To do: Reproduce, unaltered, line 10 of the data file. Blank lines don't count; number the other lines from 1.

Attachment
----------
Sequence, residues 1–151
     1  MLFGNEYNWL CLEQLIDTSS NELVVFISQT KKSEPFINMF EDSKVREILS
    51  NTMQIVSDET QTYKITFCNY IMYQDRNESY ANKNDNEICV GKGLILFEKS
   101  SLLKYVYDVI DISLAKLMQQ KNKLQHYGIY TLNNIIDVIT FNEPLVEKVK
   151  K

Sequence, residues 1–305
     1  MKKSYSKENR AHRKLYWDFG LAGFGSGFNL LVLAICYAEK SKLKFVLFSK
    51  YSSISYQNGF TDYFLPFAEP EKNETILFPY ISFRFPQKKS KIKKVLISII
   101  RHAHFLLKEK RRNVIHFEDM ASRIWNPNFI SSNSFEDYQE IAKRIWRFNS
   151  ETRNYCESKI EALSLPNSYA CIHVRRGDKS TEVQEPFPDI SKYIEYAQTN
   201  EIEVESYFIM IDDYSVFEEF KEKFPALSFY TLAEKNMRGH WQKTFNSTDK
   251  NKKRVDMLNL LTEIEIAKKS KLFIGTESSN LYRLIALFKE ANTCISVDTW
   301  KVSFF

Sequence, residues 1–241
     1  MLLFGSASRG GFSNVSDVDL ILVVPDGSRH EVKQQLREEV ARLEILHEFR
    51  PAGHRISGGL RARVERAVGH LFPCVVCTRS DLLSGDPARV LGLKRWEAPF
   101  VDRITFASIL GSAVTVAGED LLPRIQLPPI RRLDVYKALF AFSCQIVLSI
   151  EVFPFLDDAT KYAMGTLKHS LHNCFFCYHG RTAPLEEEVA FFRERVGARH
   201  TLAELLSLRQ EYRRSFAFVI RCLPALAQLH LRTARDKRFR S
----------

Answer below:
   151  ETRNYCESKI EALSLPNSYA CIHVRRGDKS TEVQEPFPDI SKYIEYAQTN